You should set a mix of short term, intermediate and long term goals. Short term goals can be things that you’d like to accomplish in the next few days or weeks, intermediate goals can be targets that you’d like to achieve in the next six months and long term goals can be anything from six months to several years.

• Pick a long term goal you’d like to achieve and then work backwards to plot how you are going to get there. To do this you will need to set short term and intermediate goals to use as stepping stones, to help you to reach your long term goal.

• Short term goals can be very specific. For example, perhaps you want to try and run at your intended marathon race pace for five miles tomorrow.

• You can use races as intermediate goals to give you a focus. It will break up the monotony of training and help you assess your level of fitness. I like to use 10k, cross country and maybe one or two half marathon races en route to a marathon.

You can also use the SMARTER principle to help you set effective goals:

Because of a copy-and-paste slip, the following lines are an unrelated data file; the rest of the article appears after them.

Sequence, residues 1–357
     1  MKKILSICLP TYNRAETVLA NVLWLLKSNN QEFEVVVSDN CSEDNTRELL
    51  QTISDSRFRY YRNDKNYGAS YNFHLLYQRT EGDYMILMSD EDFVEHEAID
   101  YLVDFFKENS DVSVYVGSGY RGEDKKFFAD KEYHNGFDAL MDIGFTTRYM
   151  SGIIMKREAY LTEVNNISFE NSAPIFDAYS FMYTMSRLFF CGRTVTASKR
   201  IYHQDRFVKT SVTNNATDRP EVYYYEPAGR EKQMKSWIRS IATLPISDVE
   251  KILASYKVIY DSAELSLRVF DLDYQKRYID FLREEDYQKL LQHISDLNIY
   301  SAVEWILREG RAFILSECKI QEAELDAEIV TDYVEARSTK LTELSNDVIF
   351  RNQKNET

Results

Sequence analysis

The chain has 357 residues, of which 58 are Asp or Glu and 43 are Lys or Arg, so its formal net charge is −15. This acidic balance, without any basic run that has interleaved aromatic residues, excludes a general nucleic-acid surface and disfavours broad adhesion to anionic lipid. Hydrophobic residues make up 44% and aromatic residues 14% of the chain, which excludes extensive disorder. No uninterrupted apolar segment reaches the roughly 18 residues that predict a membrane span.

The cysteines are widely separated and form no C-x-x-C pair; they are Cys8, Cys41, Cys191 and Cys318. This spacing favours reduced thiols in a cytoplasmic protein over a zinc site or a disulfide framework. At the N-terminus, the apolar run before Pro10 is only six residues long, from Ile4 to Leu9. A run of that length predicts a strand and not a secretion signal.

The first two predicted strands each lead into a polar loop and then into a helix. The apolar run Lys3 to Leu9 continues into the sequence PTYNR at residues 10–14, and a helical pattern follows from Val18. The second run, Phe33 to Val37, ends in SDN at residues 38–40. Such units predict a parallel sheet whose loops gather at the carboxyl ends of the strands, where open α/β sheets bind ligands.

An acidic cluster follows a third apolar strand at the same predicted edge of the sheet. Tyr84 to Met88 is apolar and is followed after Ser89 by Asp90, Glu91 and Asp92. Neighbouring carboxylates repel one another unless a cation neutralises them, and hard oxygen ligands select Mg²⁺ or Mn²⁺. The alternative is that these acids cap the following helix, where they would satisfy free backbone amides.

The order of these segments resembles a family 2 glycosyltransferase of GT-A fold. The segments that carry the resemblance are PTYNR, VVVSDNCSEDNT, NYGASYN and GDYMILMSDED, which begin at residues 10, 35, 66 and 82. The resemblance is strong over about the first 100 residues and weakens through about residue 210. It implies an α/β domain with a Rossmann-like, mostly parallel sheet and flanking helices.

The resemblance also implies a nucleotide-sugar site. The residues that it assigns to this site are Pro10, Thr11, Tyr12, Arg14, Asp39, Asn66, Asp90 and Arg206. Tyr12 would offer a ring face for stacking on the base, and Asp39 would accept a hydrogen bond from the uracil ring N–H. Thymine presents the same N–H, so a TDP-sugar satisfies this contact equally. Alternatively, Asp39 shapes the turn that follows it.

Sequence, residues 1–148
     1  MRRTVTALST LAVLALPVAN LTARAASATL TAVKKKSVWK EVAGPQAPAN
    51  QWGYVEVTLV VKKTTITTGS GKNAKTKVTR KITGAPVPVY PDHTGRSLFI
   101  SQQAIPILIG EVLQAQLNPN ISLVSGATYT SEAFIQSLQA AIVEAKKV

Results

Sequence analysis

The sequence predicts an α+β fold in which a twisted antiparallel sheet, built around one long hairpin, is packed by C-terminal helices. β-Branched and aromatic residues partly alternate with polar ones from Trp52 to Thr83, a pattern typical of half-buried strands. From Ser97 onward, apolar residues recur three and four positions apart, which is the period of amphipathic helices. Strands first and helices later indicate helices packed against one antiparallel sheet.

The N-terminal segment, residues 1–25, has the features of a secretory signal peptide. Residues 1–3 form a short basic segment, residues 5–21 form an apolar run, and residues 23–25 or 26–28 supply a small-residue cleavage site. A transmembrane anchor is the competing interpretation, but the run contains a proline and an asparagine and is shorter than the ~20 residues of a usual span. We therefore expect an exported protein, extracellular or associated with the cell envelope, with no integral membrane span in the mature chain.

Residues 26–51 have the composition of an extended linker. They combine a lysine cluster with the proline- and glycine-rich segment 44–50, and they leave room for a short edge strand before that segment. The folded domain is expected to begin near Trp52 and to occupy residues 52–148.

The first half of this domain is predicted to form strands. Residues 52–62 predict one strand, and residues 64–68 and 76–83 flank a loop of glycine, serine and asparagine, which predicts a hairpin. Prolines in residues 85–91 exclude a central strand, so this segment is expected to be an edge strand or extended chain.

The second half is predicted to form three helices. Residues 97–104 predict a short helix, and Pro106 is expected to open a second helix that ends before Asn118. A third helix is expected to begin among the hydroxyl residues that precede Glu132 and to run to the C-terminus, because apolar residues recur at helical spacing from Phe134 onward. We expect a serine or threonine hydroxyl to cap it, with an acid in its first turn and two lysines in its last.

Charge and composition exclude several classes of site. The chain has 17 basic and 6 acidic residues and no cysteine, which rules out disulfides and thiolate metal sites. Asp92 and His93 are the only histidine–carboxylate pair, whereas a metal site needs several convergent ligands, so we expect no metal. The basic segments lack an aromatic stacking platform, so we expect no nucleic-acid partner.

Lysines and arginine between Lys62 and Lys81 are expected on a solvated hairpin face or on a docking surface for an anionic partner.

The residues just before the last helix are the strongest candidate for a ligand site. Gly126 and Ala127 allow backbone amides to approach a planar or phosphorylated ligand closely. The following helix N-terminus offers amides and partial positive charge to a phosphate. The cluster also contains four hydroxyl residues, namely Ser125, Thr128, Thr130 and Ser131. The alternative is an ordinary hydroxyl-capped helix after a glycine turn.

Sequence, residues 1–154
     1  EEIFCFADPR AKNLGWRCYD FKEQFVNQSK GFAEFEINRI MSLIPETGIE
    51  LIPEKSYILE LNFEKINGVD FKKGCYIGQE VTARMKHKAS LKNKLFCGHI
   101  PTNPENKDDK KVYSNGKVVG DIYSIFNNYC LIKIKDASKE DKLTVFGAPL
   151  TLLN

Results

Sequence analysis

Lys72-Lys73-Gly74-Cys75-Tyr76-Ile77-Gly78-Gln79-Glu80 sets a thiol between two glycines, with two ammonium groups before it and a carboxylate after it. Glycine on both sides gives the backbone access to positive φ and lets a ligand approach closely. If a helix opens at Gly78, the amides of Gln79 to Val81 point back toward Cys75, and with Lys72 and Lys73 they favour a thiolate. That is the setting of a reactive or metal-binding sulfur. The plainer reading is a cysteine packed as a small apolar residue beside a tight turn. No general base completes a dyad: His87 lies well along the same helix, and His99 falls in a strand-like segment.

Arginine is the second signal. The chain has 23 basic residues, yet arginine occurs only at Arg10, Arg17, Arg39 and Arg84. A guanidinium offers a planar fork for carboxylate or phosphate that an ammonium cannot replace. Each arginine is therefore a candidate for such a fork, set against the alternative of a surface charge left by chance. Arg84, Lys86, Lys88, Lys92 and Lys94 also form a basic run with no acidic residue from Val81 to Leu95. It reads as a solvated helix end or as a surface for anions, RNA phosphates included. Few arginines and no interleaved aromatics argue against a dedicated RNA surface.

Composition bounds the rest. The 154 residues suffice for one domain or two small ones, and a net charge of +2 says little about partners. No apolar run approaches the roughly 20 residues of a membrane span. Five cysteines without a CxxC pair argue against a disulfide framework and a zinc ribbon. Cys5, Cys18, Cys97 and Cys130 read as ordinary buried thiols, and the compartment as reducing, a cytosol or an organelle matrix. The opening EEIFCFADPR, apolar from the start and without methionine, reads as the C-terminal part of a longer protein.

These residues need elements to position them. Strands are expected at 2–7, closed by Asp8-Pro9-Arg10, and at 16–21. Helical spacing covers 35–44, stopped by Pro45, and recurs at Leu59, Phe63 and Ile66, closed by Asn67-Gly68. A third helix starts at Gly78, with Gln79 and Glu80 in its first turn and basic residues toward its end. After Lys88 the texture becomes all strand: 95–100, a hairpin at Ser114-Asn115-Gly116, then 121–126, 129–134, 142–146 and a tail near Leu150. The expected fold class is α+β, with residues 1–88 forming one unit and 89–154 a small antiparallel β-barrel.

S is for Specific. Just saying that you want to improve your running is a bit too vague. Be specific! Which distance times do you want to improve? Remember too that whatever your goals, they must be specific to you. It’s what you want to achieve!

M is for Measurable. Goals are sometimes the only way that you can measure your progress, so they must be measurable. By how much do you want to improve your 10k time?

A is for adjustable. No goals should ever be set in stone. They may need to be adjusted as your fitness or personal circumstances change.

R is for realistic. You should set goals that you think are attainable but also challenging. Setting a goal that is too easy will leave you feeling underwhelmed when you achieve it.

T is for time-based. Setting a deadline to achieve your goal helps to maintain your motivation and gives you a  clear focus.

E is for exciting. Make sure that your goals excite you to ensure that you stay motivated and interested. Why not aim for a race that you’ve always fancied doing, or perhaps something different like swapping the roads for some cross country?

R is for recorded. You are much more likely to achieve your goals if you commit them to paper.

That’s why my fitness test that I run every 6-8 weeks is so important and should not be avoided. All major elite athletes do fitness tests all the time and they want to improve or maintain very high levels.